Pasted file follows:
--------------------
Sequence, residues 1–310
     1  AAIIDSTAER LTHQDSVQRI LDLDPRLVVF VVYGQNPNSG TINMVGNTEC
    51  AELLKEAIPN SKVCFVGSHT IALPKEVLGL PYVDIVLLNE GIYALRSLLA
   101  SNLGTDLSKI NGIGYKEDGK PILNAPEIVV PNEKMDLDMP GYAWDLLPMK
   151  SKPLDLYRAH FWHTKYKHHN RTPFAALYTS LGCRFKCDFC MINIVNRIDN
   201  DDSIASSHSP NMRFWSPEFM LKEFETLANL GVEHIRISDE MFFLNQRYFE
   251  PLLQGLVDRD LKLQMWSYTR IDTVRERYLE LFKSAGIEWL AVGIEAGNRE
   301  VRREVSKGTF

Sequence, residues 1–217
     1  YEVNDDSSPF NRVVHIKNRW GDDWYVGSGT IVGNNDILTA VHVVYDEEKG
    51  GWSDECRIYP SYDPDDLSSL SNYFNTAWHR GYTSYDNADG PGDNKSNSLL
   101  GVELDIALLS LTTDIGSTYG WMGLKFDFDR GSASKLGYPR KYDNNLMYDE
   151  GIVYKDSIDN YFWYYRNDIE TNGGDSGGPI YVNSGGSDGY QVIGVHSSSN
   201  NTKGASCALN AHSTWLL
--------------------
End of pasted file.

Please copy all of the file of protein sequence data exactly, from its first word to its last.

Sequence, residues 1–310
     1  AAIIDSTAER LTHQDSVQRI LDLDPRLVVF VVYGQNPNSG TINMVGNTEC
    51  AELLKEAIPN SKVCFVGSHT IALPKEVLGL PYVDIVLLNE GIYALRSLLA
   101  SNLGTDLSKI NGIGYKEDGK PILNAPEIVV PNEKMDLDMP GYAWDLLPMK
   151  SKPLDLYRAH FWHTKYKHHN RTPFAALYTS LGCRFKCDFC MINIVNRIDN
   201  DDSIASSHSP NMRFWSPEFM LKEFETLANL GVEHIRISDE MFFLNQRYFE
   251  PLLQGLVDRD LKLQMWSYTR IDTVRERYLE LFKSAGIEWL AVGIEAGNRE
   301  VRREVSKGTF

Sequence, residues 1–217
     1  YEVNDDSSPF NRVVHIKNRW GDDWYVGSGT IVGNNDILTA VHVVYDEEKG
    51  GWSDECRIYP SYDPDDLSSL SNYFNTAWHR GYTSYDNADG PGDNKSNSLL
   101  GVELDIALLS LTTDIGSTYG WMGLKFDFDR GSASKLGYPR KYDNNLMYDE
   151  GIVYKDSIDN YFWYYRNDIE TNGGDSGGPI YVNSGGSDGY QVIGVHSSSN
   201  NTKGASCALN AHSTWLL